So, Qrious migrated NZC’s on-premises data to the cloud and acquired new data sources to enrich it. This enabled NZC to automate the collection, cleaning and integration of multiple data sets and store them in a single platform. It offers a richer picture of external factors that might affect performance, such as ball-tracking, weather, injury and training workloads.
“We bring it all together around team and player performance, and look for cause-and-effect relationships. This influences what else we may need to bring into the training environment to ensure that we can perform. Winning is a given, but performance is about executing the things we’ve worked on in the moment,” says Warren.
“Qrious has an ability to take what we want and create a solution. It’s amazing to have an external provider that can so quickly become aligned with what you are trying to achieve. They just get it.”
The digital platform offers a scalable solution. So, as NZC gains access to more data sets, it can simply integrate these into the platform and gain even deeper insights.
But how do you create a consistent yet contextualised experience for fans in line with how they’re engaging with the sport, be that playing, volunteering, watching or simply seeking news and information?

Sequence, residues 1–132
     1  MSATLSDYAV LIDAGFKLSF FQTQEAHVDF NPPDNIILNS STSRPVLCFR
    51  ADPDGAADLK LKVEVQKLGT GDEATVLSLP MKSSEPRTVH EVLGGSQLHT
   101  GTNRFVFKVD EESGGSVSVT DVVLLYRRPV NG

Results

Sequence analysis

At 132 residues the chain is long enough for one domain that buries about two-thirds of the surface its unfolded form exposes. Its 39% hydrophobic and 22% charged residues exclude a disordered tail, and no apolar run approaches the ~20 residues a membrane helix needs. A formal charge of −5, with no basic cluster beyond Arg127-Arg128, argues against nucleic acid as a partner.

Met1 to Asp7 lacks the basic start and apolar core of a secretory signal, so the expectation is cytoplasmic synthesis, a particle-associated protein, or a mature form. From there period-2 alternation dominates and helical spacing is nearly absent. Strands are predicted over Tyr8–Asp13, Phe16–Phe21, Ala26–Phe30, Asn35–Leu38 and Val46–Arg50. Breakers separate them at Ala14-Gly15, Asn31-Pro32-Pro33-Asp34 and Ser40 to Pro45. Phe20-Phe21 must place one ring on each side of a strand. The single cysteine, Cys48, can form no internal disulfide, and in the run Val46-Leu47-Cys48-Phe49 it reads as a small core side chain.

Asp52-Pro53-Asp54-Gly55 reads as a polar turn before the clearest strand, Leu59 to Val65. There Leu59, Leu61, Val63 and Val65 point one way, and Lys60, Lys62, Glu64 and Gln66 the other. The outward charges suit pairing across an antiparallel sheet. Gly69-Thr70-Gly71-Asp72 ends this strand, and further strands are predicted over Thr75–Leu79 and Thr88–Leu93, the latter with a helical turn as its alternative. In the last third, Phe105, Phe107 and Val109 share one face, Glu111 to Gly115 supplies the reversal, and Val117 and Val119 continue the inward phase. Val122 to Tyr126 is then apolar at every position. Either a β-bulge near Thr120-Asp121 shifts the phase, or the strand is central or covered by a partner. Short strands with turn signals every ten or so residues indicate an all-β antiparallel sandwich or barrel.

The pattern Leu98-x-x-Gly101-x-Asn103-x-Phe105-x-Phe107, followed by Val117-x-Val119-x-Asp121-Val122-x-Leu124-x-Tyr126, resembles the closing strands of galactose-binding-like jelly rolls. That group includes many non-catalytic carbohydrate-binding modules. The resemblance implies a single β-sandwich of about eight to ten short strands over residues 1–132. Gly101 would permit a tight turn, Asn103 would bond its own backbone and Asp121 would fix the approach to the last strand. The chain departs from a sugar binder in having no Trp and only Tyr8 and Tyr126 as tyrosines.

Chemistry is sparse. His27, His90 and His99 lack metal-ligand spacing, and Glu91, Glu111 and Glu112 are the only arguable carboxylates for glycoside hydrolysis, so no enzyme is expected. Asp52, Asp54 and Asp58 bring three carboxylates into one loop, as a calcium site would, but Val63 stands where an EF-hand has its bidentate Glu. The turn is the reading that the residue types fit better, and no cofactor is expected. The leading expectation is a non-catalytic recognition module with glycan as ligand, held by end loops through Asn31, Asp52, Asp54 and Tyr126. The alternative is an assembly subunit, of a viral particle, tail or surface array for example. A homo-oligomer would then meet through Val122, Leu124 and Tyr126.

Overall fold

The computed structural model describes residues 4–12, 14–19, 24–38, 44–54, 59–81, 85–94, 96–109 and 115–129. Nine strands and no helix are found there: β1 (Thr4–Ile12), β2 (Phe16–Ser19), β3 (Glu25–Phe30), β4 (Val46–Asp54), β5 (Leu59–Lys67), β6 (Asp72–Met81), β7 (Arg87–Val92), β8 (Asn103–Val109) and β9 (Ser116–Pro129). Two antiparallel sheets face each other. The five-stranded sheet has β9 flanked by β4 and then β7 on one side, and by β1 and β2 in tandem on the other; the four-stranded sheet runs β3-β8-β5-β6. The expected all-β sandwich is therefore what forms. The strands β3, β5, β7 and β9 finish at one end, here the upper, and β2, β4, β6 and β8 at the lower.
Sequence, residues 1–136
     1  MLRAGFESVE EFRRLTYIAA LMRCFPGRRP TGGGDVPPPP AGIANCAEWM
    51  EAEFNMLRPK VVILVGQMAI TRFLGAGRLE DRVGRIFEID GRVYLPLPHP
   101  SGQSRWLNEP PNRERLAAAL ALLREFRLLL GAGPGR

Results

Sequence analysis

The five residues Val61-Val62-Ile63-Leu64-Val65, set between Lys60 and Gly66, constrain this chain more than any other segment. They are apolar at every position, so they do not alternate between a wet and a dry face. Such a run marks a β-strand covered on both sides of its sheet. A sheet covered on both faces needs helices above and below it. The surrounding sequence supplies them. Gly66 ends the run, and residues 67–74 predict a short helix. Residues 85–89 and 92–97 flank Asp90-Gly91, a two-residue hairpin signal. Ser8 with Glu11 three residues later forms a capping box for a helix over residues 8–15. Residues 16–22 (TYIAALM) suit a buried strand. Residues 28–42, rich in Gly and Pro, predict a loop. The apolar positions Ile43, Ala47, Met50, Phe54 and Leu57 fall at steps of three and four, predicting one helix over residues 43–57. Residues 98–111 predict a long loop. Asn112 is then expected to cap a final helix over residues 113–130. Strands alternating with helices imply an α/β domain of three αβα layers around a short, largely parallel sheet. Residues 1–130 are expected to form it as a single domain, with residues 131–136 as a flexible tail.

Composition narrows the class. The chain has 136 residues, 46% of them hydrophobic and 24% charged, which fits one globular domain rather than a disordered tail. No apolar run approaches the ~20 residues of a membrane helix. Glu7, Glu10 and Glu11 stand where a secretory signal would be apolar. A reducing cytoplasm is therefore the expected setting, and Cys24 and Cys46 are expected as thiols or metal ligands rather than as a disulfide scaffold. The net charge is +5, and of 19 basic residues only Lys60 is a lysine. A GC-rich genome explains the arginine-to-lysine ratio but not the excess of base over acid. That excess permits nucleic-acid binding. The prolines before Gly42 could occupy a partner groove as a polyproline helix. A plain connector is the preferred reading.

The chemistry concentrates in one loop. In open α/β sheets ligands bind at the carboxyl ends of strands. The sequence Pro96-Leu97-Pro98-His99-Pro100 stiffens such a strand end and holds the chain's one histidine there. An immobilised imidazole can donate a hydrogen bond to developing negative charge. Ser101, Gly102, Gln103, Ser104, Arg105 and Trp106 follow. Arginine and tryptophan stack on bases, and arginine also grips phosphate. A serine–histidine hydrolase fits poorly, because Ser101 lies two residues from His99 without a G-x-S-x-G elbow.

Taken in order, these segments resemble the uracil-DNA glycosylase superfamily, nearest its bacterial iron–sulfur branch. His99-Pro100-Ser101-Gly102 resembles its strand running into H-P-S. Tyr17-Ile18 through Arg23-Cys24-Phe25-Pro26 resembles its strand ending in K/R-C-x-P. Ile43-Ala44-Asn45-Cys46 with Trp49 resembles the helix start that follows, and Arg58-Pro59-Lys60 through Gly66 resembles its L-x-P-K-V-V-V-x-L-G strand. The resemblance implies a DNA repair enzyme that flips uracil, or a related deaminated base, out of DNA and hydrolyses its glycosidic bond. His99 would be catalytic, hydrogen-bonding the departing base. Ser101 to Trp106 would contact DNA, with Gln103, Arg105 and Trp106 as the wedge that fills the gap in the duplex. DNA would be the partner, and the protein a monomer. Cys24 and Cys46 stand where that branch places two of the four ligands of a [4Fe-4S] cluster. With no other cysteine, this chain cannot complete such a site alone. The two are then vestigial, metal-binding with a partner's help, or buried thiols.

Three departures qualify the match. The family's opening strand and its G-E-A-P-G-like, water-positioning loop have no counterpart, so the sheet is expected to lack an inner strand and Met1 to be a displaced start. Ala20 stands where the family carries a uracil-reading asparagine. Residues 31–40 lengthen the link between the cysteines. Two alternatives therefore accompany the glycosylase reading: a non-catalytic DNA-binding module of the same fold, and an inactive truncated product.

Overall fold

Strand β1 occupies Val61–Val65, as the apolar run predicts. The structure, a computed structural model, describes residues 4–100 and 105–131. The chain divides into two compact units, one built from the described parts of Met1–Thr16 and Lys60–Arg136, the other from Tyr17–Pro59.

“Being digital-led is absolutely critical,” says Geraghty.
So, having established a modern data platform capability within NZC, Qrious has now migrated its fan-engagement data from disparate data sources to provide a holistic view of engagement across several metrics, including email campaigns, traditional and social media, ticketing, merchandise and community registrations. All of this can be benchmarked against population and demographics, providing a view of participation and engagement nationwide. NZC can now better target its resources to improve fan engagement and grow participation.
Geraghty says that three years ago NZC fan personas were developed on assumptions. “We are at the other end of the spectrum now; we understand fans much better. Ultimately, we want to understand the behaviours and interests of those across the whole ecosystem of cricket.”
Since Netflix entered the New Zealand market in 2015, it has transformed the television-watching landscape and ignited a streaming migration. Today, Netflix is the most popular pay-television service in New Zealand.
Its popularity is fuelled by how accessible streaming technology has become. From 2019 to 2020 alone, an additional 181,000 New Zealanders gained access to a streaming service in their home and these services now reach over 3.2 million people – a massive 82% of the population.
“The research and the statistics are undeniable,” says Bain. “We are confident that the strategy we are jointly implementing with NZC is the right one.”
Geraghty says it’s important to NZC that Spark Sport engage with the cricket community at the grassroots level and show them the platform’s capability. “How accessible and easy it is, and how it can help them bring their community together.”